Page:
research discovery through technology transfer to commercial product and includes: the
importance of sustained investment in state-of-the-art research facilities and the recruitment and
retention of the highest quality faculty and students; the University’s renewed commitment to
effective policies/processes and, most importantly, professional staffing for the timely protection,
marketing, and licensing of technology/intellectual property by the University’s Offices of
Technology Management (OTMs); new initiatives to catalyze and support faculty/student
entrepreneurs in the formation of new companies to commercialize University-based technology,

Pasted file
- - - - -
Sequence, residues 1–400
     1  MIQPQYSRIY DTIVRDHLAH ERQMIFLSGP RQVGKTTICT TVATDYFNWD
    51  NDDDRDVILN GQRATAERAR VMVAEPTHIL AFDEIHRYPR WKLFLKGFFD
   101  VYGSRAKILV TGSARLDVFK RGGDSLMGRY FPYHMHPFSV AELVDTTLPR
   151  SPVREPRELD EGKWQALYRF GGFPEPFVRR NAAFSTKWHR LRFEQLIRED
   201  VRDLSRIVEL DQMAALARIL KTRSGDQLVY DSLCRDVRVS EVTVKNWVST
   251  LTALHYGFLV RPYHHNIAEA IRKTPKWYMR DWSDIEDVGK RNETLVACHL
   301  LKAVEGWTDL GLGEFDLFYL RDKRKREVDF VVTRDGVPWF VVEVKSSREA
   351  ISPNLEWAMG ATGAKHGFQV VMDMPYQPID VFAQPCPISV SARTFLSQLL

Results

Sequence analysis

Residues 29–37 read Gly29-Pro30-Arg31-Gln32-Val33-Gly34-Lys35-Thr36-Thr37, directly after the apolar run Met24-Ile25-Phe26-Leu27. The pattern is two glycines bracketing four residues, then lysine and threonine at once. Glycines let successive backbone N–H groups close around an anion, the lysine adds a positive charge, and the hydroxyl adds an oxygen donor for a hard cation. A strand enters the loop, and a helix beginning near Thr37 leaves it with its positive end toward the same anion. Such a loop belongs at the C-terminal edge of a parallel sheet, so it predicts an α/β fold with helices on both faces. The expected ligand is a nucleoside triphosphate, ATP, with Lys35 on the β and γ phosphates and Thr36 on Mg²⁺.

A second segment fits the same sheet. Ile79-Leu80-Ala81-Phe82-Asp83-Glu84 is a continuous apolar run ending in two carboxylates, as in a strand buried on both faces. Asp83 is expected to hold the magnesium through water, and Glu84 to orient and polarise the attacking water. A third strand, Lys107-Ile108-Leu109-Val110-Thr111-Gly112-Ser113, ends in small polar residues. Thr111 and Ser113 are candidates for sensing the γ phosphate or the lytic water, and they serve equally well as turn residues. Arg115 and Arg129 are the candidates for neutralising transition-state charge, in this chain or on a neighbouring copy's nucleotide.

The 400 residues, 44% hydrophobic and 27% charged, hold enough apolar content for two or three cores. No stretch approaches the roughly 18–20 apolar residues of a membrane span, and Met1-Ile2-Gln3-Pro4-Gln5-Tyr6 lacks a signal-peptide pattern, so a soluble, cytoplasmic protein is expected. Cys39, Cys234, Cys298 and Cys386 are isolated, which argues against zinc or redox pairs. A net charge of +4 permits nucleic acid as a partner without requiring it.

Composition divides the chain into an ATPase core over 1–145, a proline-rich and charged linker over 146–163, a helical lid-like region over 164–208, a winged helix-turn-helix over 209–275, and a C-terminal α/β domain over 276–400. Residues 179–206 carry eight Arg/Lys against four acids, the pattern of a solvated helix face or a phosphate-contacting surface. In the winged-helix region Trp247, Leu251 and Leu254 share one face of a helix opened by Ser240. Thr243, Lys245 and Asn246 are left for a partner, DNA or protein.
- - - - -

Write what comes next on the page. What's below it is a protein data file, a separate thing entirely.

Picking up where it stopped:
such as the Start-up Services Company of IllinoisVENTURES, LLC and the provision of
incubation and graduation space/facilities in the University’s research parks; and the
implementation of partnerships between IllinoisVENTURES, the OTMs, the incubators, the
campuses’ academic programs in entrepreneurship, and corporate/community technology
transfer organizations in order to maximize the return on the State’s investment in the
University’s infrastructure for technology commercialization.
Technology Commercialization at the University of Illinois: Growing the Illinois High Technology Economy


Technology Commercialization at the University of Illinois:
Growing the Illinois High Technology Economy
I. Introduction
Illinois House Resolution 308 passed by the House of Representatives of the 92nd General
Assembly resolved “that each Illinois research college and university develop a plan that
demonstrates the effective transfer of technology from the university to the private sector”, and